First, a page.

It’s the first Sunday of 2011, and I’m sitting on a balcony in the Ntinda section of Kampala, Uganda, watching lizards skitter up the crumbling concrete wall across the way, contrasting my coffee-drinking leisure with the sweat of the young man washing — forever washing — one of the four-wheel drive vehicles in which my hosting organization ferries around guest academics. It’s another in an endless series of beautiful days — for the moment, the Ugandan battle over whether gay and transgender people have a right to exist is being fought in court, with words rather than blunt instruments. Though it’s Sunday morning, the air is alive with sound: men joking or arguing, Gregorian chant from the church beyond the palms, a truck loaded with construction materials rattling over the rutted dirt road whose reds — brick red where damp from a brief night rain, and pale and dusty red in the sun — echo the red-tiled roofs of the wealthier residents’ houses. The Kampala that’s always visible in the distance, sprawled across the hills, is a weave of roof red and jungle-foliage green, human growth (people pour in daily by the hundreds from the impoverished countryside), and lively shreds of the chimp-haunted forests destroyed to build this city.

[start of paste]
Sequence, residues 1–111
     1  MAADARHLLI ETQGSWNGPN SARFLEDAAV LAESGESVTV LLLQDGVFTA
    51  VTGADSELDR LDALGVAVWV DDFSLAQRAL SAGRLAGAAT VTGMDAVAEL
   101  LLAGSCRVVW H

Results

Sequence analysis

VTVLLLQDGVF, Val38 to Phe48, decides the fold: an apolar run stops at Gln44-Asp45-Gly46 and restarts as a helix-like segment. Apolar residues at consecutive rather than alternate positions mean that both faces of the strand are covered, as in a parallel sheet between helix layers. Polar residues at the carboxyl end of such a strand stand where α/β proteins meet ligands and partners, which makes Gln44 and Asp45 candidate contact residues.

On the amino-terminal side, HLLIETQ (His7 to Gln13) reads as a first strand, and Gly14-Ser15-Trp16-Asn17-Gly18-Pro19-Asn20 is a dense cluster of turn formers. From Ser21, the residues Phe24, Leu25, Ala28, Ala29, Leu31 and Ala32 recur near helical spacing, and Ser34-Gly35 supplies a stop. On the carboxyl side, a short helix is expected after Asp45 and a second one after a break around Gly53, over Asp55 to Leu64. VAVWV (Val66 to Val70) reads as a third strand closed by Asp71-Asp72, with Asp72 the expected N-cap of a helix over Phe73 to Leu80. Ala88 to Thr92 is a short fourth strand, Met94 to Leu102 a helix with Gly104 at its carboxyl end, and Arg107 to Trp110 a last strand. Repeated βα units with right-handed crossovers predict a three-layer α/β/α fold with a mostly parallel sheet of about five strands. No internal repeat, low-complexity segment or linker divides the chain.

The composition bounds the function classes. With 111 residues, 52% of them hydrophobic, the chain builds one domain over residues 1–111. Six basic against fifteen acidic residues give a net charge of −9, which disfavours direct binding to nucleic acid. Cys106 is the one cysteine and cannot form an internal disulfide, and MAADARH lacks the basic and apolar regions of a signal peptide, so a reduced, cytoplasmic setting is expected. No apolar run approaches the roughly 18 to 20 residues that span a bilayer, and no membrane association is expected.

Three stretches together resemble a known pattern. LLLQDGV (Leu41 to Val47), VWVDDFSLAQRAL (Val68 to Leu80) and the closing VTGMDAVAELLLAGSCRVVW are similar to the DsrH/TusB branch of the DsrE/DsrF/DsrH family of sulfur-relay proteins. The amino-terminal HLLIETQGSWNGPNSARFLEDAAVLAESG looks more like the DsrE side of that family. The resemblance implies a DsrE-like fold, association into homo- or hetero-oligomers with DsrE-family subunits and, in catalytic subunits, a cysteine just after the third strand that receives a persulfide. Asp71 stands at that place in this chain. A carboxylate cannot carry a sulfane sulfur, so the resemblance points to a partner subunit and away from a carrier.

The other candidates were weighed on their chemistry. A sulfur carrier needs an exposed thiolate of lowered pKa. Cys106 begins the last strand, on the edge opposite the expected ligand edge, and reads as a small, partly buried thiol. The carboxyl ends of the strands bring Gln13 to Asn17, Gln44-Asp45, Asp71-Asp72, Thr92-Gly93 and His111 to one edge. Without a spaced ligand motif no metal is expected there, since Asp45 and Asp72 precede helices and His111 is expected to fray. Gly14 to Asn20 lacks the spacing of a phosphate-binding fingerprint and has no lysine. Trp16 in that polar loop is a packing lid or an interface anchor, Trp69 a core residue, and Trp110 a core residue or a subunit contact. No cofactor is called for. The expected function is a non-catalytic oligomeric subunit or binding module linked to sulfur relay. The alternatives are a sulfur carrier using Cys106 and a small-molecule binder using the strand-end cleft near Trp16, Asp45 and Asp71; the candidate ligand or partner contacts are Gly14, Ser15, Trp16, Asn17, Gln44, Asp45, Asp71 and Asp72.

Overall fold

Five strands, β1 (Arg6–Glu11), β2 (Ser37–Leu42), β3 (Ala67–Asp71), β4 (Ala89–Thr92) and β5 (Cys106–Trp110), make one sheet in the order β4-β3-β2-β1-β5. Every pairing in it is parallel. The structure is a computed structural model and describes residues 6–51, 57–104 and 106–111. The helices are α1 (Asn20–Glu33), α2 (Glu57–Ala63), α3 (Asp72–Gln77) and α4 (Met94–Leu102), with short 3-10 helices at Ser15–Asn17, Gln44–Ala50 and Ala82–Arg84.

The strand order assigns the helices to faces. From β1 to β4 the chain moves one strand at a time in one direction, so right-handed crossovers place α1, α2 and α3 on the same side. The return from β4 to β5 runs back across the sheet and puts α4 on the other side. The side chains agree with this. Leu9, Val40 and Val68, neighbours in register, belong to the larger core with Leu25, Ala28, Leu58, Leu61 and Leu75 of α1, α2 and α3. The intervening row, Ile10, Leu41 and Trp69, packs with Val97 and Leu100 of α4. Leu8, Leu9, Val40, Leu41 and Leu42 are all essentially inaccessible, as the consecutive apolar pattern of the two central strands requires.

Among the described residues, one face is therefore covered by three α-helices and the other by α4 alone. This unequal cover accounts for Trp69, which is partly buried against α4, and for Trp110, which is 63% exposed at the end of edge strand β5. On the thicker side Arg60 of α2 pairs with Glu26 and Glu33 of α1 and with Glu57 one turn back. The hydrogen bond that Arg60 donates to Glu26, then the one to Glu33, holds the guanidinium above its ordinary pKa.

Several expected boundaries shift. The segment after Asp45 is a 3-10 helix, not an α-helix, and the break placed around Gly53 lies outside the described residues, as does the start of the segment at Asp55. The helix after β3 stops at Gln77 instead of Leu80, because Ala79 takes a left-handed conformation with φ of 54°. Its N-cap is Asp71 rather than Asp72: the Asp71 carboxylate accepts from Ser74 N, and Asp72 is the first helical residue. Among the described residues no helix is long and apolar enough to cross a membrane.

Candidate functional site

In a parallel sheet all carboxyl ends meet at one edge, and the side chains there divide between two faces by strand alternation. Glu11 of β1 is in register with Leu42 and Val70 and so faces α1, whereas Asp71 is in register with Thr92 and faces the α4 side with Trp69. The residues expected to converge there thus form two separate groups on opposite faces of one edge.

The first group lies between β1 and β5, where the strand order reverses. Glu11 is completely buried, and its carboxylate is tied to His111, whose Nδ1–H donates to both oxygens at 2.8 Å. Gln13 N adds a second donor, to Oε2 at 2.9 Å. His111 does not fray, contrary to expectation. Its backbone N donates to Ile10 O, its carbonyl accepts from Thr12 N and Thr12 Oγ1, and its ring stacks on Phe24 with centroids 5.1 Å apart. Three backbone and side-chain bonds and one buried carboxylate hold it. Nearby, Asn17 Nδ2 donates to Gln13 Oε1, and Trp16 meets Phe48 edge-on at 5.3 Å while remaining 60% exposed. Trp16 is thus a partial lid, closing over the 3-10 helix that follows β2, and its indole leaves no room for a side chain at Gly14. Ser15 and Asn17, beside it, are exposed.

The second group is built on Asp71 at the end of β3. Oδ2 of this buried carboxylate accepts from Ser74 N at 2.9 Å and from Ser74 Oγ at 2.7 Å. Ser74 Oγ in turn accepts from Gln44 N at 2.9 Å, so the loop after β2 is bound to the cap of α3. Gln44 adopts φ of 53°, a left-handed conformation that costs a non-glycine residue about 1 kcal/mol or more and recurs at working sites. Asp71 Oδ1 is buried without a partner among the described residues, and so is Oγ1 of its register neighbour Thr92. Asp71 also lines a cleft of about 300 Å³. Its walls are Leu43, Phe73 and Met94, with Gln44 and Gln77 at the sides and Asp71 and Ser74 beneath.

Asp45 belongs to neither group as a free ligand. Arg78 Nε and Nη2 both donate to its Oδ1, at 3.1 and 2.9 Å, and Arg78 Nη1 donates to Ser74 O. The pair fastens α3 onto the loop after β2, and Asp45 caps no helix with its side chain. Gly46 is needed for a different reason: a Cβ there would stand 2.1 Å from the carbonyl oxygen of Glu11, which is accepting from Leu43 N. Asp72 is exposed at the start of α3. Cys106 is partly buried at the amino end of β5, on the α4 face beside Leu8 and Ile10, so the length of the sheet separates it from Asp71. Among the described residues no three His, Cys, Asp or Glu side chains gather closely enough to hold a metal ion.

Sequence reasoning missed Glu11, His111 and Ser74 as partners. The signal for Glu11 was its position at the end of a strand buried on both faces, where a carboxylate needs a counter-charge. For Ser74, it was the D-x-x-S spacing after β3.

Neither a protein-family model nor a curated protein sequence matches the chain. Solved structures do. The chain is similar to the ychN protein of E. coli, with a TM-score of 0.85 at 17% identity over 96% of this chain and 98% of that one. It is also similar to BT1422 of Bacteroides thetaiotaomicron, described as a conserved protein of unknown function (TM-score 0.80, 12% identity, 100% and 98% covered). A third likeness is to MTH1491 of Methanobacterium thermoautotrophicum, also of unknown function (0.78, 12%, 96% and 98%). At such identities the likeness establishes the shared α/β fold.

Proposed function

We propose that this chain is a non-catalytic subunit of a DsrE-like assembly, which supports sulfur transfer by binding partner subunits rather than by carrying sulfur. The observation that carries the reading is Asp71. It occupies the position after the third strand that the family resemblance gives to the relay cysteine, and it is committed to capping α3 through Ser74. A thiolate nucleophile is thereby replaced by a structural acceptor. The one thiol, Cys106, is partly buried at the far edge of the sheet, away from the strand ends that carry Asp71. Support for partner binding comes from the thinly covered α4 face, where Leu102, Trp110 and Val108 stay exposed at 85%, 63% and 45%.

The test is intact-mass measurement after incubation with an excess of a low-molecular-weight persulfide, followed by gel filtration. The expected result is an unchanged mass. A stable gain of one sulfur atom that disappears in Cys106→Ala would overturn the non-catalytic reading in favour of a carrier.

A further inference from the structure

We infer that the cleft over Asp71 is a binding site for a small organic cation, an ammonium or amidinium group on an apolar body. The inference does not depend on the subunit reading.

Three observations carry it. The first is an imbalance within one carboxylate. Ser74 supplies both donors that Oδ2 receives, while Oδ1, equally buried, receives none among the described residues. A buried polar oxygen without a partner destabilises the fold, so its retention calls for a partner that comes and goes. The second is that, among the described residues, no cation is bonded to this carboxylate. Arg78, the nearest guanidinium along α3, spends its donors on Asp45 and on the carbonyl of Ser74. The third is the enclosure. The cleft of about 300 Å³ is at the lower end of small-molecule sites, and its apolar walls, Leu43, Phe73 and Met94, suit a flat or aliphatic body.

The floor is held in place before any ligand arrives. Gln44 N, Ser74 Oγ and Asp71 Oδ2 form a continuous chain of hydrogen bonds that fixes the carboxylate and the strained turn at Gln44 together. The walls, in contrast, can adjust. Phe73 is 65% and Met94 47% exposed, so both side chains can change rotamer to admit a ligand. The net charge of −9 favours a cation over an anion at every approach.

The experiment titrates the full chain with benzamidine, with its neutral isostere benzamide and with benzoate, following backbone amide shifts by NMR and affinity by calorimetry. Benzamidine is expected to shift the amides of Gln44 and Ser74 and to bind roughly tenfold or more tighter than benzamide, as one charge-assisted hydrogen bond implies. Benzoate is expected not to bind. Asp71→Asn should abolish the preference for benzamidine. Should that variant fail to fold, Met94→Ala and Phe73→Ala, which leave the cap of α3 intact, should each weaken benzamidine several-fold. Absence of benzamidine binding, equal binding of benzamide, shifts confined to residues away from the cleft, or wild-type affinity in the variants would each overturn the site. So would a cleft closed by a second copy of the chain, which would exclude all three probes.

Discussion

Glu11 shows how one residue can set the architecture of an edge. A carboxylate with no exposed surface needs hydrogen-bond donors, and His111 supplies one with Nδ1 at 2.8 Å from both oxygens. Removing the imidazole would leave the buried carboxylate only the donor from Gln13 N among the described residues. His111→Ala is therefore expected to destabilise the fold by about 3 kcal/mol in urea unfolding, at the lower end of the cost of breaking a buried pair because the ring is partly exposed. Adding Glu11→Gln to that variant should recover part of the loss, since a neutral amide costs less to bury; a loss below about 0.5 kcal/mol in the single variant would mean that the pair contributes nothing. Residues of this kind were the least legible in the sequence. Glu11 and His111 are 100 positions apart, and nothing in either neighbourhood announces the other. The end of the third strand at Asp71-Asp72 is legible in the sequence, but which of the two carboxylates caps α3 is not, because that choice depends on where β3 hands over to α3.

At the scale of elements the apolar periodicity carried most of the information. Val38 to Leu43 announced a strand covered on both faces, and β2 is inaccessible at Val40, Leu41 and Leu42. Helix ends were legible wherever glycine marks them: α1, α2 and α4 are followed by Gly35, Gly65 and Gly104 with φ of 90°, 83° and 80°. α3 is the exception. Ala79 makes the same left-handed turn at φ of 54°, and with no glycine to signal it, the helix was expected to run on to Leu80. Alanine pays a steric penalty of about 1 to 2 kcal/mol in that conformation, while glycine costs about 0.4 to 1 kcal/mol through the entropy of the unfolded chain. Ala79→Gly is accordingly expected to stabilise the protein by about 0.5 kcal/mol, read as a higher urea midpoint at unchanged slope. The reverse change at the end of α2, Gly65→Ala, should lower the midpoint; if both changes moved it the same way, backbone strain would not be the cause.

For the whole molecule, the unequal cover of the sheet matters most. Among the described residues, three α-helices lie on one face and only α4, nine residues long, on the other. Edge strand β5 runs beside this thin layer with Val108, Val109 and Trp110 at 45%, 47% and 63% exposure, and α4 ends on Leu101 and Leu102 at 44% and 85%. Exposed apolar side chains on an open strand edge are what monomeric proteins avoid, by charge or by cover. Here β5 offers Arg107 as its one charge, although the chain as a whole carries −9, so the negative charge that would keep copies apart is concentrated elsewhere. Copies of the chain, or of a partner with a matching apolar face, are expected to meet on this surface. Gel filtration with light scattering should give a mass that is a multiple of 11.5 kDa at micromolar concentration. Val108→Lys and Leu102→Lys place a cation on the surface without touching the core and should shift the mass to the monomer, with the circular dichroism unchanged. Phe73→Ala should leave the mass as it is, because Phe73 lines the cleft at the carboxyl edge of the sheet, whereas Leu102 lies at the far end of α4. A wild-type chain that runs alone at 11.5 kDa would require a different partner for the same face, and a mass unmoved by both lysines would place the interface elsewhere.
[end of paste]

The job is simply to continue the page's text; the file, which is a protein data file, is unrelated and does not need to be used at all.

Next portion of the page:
By American standards, Uganda is struggling. Most of its national budget is supplied by foreign aid; most of its rural inhabitants live in poverty, without power or running water (though often with cell phones), fighting to survive treatable diseases. Literacy is low. Families are decimated by AIDS, and traditional values and communal relationships are eroded by the constant lure of the city. Democratic institutions are tenuous at best; civil and regional war are recent memories and none-too-distant threats.